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Kid-friendly thing to do with radishes?

My preschooler and I just pulled an absurd number of radishes out of the garden, but, unfortunately, I'm the only one in the house who will eat them. Since she adores pink and keeps talking about cooking the radishes, I'm wondering if anyone knows of a way to cook/prep them that might be tolerable to her. The one possibility I'm currently considering is to make tea sandwiches with enough butter or cream cheese and cucumbers to mask the taste but still convince her that eating radishes is fun. Thoughts?

(I figure this will take care of one or two of them and then I will pickle the rest using David Leibovitz's recipe so I can force my husband into sharing the rest with me.)

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  1. Have you given any thought to cooking the radishes? The radish flavor is, in many instances, something you grow accustomed to over time (if you have the courage) and cooking them by either roasting, frying or steaming (add some herbs or what ever else you might think enticing to the pre-schooler) might be a way of accomplishing your goal. I'd experiment with different ideas and use my own taste in an effort to identify a flavor/texture profile that I felt the child might, based on experience, accept. Radish chips is one approach that might work. You could, of course, call it "chicken" - kids seem to accept just about anything if it's called chicken. :>)

    1. My girls adored radish tea sandwiches. They also liked radishes cut in half with cream cheese in them just to pop in their mouths. I have also sauteed them with butter and served with white rice (very pale plate).

      1. Thin raw radish slices on buttered melba toast rounds -- or 1/2 butter, 1/2 cheese. If they start out as a garnish (radish roses) she might like them with a dip. But if they're just too hot to eat, they're just too hot to eat!
        http://www.google.com/search?q=radish...

        1. I love radishes super cold, right out of an ice bath! But beyond the garden to plate enjoyment, I agree with the saute in butter suggestion and a tea sandwich component with any number of spreads, or sliced super thin in mixed green salads.

          And when my kids were young, one of their favorite uses for radishes (especially the larger ones) was to cut patterns into a flat-cut radish top (we used mini appetizer cutters for the die-cutting shapes) and then with food coloring stamp dye patterns into white construction paper to make stationary.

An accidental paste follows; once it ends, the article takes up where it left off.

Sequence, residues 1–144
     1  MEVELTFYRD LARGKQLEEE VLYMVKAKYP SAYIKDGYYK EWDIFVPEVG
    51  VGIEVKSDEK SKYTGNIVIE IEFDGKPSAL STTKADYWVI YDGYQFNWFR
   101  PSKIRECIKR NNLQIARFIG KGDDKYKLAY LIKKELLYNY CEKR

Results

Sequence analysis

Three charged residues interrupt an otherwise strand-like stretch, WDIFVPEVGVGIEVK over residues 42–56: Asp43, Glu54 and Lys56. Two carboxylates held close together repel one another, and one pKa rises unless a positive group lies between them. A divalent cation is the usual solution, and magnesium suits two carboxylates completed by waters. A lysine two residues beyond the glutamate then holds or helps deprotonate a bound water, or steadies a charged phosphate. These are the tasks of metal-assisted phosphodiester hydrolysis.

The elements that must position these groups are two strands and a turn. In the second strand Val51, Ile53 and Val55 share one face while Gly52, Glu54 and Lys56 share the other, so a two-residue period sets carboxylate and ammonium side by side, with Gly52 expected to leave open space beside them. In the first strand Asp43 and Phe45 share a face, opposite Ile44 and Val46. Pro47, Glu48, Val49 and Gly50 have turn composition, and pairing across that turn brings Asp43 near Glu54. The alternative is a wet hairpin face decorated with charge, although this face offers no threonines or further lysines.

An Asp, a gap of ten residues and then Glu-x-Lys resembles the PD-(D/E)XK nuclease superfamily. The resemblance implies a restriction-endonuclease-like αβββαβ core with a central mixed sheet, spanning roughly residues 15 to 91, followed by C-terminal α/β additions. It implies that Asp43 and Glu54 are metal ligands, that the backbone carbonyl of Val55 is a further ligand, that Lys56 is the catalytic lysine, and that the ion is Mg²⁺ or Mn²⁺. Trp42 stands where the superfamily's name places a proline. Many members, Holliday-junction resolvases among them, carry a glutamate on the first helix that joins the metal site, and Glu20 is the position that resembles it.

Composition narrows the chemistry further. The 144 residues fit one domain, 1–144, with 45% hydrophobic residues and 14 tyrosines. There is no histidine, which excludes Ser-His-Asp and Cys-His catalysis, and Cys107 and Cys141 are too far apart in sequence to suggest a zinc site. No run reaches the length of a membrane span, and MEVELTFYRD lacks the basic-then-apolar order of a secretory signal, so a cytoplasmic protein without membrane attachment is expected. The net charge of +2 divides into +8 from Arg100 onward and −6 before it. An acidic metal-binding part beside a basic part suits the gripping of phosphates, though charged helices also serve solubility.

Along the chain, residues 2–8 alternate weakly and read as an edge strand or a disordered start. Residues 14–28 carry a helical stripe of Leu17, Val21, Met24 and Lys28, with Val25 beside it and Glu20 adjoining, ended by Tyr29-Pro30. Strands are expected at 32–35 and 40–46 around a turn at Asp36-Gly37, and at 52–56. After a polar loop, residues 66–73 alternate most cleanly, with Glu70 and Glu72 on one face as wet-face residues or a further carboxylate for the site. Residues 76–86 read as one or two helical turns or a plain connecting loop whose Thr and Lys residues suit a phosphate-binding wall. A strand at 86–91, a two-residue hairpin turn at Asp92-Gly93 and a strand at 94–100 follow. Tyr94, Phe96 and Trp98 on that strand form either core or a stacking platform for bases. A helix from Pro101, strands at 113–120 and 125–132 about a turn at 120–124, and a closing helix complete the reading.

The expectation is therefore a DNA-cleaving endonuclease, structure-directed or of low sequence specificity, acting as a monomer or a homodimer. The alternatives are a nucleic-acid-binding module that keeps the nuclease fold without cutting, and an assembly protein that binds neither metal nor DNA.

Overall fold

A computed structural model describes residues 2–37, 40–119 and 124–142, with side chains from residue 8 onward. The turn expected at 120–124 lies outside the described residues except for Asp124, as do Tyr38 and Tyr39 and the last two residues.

1 Reply
          1. re: HillJ

            If your daughter just won't eat them, try helping her make radish mice. Just Google Radish Mice, and you'll find many sites and YouTube demos on how to do it.

          2. Stir fry them lightly in a little butter.

            1. A quick and easy radish salad with simply oil, vinegar salt and pepper, but left to sit a while so they turn entirely pink and the flavour and texture are muted. And if she still doesn't like them, I suppose it could be turned into tea sandwiches or even blended with cream cheese to make a pretty pink spread?

              2 Replies
              1. re: julesrules

                I do a radish salad like this, but with lemon juice instead of vinegar. I prefer this salad on the second day because the radishes mellow out.

                1. re: julesrules

                  We do a similar salad, but also add shredded celery and a little grated orange peel. It's really mellow and delicious.

                2. I love cold radish soup, which comes out nice & pink, so maybe your daughter would like it just for that. The basic recipe I follow is:
                  1 bunch radishes, 2 shallots, 2 tbsp fromage blanc (or Greek yoghurt), 1 tsp Dijon mustard, chives -
                  Chop shallots and sauté lightly in butter. Add coarsely chopped radishes & let cook a few mins. Add 1 cup water & season w/salt & pepper. Bring to boil & let simmer 15 mins. Purée with immersion blender. Let cool. Add in fromage blanc & mustard. Refrigerate. Serve with minced chives.